Now more than ever, we need a break — an occasional respite from our everyday lives. Yes, a "daycation" — a day spent away from the office or job site, and away from chores, just to relax and play. Once again this summer, we are taking one day a week to suggest a nearby escape. Enjoy!
BOSTON — Our tour guide is about to give us the scoop on John Kerry's 12-room townhouse, here at the corner of the city's tony Louisburg Square, when a gray head pops out from the Democratic senator's ground-floor window, flashing a watering can and a smile.
"Hello," she says in our direction, tilting the can over a row of windowsill flowers.
We wave awkwardly to this woman we don't recognize but know for sure is not Teresa Heinz Kerry. Shucks. And then the wobbly, broken window screen slams down.
It startles us; it startles her. And as she fumbles to push it back up, our tour guide — momentarily and uncharacteristically speechless — motions us farther along and out of earshot.
"We'll just come over here, and I'll talk really quiet," Nicole Mayne tells us on this cinematic stroll through the city with Boston Movie Tours.
In a hush, Mayne tells us the house is estimated to be worth $9.8 million. "At least," she says, her eye on the woman who is now leaning out of a second window, "that's what's in my script." As is the tidbit of how the Kerrys succeeded in having the city move a pesky fire hydrant from their front sidewalk to a less visible spot just around the corner.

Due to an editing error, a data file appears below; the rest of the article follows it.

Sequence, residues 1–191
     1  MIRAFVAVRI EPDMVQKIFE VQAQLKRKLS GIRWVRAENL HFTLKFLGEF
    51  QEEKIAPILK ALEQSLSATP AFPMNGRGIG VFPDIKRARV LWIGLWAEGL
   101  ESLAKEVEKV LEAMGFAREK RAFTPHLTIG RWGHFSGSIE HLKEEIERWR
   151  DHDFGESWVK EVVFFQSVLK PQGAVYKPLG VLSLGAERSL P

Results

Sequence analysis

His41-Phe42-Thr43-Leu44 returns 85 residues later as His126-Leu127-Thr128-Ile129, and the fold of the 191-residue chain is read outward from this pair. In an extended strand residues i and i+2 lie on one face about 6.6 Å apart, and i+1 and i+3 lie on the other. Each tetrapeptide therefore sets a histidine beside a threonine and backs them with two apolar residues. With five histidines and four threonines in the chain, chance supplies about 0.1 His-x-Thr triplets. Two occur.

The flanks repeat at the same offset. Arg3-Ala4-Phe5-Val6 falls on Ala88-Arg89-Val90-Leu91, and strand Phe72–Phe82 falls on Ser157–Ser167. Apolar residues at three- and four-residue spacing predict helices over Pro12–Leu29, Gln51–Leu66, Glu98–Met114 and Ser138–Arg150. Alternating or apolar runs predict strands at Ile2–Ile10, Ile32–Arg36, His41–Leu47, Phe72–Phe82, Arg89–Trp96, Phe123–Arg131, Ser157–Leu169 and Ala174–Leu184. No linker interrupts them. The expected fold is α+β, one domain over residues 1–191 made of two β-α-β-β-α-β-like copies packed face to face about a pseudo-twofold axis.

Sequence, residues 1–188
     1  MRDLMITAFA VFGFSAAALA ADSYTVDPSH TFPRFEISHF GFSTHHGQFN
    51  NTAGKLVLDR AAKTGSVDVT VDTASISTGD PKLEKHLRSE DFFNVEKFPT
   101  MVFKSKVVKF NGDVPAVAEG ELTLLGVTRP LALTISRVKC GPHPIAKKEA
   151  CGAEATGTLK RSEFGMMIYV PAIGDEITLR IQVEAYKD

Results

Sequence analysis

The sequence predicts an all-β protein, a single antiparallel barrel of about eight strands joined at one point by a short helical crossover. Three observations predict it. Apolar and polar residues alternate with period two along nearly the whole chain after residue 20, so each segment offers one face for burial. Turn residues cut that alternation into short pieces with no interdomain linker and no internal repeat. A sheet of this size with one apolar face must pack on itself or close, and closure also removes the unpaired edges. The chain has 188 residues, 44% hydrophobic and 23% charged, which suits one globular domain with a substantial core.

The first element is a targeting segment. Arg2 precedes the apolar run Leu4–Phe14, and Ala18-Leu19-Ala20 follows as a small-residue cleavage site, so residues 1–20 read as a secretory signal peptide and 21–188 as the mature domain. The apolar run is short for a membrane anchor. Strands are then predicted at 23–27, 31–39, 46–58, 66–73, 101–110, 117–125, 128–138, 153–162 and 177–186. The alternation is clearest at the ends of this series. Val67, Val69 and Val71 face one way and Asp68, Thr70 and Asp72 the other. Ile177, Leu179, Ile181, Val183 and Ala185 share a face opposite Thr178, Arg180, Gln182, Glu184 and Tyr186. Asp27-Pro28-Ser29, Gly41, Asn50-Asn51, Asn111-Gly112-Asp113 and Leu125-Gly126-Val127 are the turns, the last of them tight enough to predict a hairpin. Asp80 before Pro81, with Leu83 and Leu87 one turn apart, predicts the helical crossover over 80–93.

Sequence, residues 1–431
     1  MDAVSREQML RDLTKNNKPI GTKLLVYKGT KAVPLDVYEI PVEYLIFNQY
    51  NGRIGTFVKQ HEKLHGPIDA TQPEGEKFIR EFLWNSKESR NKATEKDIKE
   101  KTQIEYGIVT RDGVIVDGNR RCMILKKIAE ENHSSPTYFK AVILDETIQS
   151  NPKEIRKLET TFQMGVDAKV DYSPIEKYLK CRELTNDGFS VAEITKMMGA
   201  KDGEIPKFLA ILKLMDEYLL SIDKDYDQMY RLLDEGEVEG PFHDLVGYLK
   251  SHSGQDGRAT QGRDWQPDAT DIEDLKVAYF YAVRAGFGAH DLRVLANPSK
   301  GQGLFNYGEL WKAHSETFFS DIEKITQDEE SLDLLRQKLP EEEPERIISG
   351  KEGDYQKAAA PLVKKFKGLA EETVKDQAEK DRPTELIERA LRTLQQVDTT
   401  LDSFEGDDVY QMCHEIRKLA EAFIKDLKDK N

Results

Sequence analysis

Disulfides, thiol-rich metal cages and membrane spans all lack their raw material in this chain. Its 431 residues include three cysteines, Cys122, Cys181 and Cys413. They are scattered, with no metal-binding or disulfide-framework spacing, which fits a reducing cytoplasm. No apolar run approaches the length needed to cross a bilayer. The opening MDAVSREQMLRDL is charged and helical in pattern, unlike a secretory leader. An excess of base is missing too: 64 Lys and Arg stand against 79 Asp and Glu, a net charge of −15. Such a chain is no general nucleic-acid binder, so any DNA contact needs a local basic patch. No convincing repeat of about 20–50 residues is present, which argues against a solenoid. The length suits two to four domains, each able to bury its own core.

But wait — this is a movie tour. Lovely as it is, what's John Kerry's house got to do with Boston moviemaking?
Well, nothing, really. It's the house across the street that brings us here. No. 22, the backdrop for a scene in the 1968 movie "The Boston Strangler." There it is, looking near exactly the same in Mayne's handy binder of photo stills — a red-brick building, yellow fire hydrant and all. (Apparently not everyone has the same pull with hydrants as the Kerrys).
Onward we go this Friday afternoon, in search of the next bit of Hollywood history tucked away in the nooks and crannies of Boston's cobblestoned streets and storied buildings.
It's a lively 90-minute walking tour that, for $20, tests our knowledge of cinematic trivia while showcasing the city's past and burgeoning new film scene.
And it is burgeoning. While movies referenced on the tour date back to the 1960s (Think "The Thomas Crown Affair" starring Steve McQueen and Faye Dunaway), the string of movies filmed here in recent years is striking: "Good Will Hunting," "Mystic River," "The Departed," "Fever Pitch," "Gone, Baby Gone."